Friday , October 18 2019
Home / Tag Archives: Cross-country Comparisons (page 4)

Tag Archives: Cross-country Comparisons

Why I’m not a progressive

I am a utilitarian. Many (most?) utilitarians are progressives. So why am I not a progressive? I recently ran across three news articles that help to explain my skepticism of progressivism. First I'll briefly summarize the key takeaways, and then I'll explain what I believe they tell us. Here is the New York Times on building infrastructure in New York: The Times observed construction on site in Paris,...

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Ryan Murphy on government effectiveness and growth

A decade ago I wrote a paper that looked at several definitions of neoliberalism, and found that what I called "egalitarian neoliberalism" was especially closely correlated with civic virtue. This model was based on the various indices of economic freedom, with the sign on size of government inverted (so that bigger government was a plus, not a minus as in the typical economic freedom indices). For example,...

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The Wonder of International Adoption: Adult IQ in Sweden

In Selfish Reasons to Have More Kids, I showed that nurture effects are small within the First World.  But I also freely conceded that the nurture effects of growing up outside the First World are probably large:The most important weakness of behavioral genetics, though, is simply that research focuses on middle-class families in First World countries. The results might not generalize. Twin and adoption...

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Four Decades of Middle Eastern Disaster: The Proximate Cause

Counter-factual history is really hard.  If World War II hadn't happened, one could easily imagine it being replaced by a global thermonuclear war in the 1960s.  But the history of proximate causes is much easier.  Let A, B, C, and D be highly specific major events.  A good historian can credibly determine that A caused B, B caused C, and C caused D, so if not for A, D almost certainly wouldn't have...

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The Curious Absence of American Emulationists in the Third World

After World War II, virtually every Third World country had a major political faction that looked on the Soviet Union as a model society.  What path should their nation take?  The answer was obvious: Emulate the Soviet Union.  With minor allowance for local conditions, they sought to copy Soviet institutions and policies.  Despite the fiery anti-colonial nationalism of the day, members of the Third World's...

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New Reflections on the Evolution in France

I just returned from a month in France.  I stand by everything I said during my last visit in 2008, but have plenty to add:1. The biggest change is the ubiquitous police and military presence.  Teams of militarized police and policified military patrol every tourist site and every public function, plus numerous random locations.  It wasn't just Paris; even small cities like Bayeaux were on guard.  I've never...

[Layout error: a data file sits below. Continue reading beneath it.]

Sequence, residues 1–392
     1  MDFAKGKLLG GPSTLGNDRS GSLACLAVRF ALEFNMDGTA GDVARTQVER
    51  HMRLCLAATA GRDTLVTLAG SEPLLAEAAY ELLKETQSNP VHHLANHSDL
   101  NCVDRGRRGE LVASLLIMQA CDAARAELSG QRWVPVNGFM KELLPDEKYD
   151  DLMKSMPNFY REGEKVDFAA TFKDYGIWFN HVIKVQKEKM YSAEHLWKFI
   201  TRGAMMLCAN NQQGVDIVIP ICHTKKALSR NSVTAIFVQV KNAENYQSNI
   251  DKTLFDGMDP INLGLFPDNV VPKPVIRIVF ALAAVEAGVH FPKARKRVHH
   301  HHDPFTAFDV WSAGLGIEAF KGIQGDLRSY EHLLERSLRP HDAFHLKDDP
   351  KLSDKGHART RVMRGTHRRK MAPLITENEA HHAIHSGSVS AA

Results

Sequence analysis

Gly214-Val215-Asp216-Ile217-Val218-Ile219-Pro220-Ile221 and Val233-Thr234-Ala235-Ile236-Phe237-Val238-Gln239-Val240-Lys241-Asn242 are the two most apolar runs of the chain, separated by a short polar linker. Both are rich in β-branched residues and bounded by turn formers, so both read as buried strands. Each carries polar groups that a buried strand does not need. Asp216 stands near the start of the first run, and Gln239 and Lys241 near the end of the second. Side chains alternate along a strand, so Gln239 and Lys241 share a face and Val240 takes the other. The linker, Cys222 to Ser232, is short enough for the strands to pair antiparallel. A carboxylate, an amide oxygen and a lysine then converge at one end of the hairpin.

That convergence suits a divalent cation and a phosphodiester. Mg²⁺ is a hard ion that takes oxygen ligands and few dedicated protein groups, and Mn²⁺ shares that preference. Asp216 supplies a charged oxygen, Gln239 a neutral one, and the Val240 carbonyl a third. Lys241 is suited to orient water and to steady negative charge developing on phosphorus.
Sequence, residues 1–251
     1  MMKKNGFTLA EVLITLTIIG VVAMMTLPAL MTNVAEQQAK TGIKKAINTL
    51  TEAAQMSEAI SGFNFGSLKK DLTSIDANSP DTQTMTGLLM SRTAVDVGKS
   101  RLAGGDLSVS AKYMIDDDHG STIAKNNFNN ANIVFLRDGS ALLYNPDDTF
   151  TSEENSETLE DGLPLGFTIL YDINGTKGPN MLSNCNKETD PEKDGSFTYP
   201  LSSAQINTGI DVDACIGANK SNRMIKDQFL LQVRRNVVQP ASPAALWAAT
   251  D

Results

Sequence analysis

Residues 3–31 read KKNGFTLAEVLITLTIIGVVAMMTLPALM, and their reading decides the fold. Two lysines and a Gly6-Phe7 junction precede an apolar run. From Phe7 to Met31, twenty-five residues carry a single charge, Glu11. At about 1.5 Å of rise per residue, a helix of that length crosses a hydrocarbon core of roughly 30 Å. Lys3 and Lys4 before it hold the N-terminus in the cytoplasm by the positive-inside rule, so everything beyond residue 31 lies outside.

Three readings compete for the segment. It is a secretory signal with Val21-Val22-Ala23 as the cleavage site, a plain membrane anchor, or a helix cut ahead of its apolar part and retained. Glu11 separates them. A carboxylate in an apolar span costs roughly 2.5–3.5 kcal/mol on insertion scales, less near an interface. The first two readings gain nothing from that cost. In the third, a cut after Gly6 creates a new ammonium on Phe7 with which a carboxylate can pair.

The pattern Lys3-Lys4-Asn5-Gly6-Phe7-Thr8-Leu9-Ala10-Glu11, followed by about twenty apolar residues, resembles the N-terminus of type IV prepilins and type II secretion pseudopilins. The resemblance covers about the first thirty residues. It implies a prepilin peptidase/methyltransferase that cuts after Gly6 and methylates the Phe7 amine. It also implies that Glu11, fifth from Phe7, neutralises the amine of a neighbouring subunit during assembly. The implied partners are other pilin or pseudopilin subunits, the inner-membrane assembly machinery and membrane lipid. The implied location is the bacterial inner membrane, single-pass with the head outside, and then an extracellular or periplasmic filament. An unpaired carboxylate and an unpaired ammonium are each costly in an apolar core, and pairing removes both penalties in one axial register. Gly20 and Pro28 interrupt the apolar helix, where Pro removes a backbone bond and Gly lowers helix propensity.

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Neoliberalism is making the world much more equal

It's puzzling to me that so many progressives view the term 'neoliberalism' with disdain. A new article by Cardiff Garcia shows that the world is becoming much more equal. And that trend is being spurred by less between country inequality---within country inequality has actually risen slightly: It seems likely that much of the reduction in between country inequality is caused by market reforms in places...

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How long can the China boom continue?

[I wrote this post 10 days ago. Tyler Cowen blogged on the same subject today, so I figure I better post it before it becomes old news.] China's been booming since it started moving away from communism in the late 1970s. In recent years the growth rate has slowed, from double digits to about 6.5%. Some people expect it to slow much further in the near future. The Financial Times has an interesting graph...

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Saving, cost control, and infrastructure

There's been a lot of recent talk about increasing federal spending on infrastructure. In my view this misses the point. There are two effective ways to get more infrastructure; cost control and increased saving. Here's Matt Yglesias: Mass transit construction costs in the United States appear to be far higher than what European countries pay for comparable projects. The Second Avenue Subway in New York City, for example, is being built at a cost of nearly $1.7 billion per kilometer...

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Capitalism has a PR problem

Here's one of my favorite Deirdre McCloskey remarks, from her Bourgeois Virtues:I don't care how one defines capitalism, as long as it's not defined as evil incarnate. Unfortunately, that's exactly how it is often defined. Here's a recent example from Yahoo.com:Satellite photos and testimonies of defectors show there are now about 400 mostly outdoor markets, called "jangmadang," in the North. Recent surveys of refugees suggest most ordinary North Koreans resort to market activities for a...

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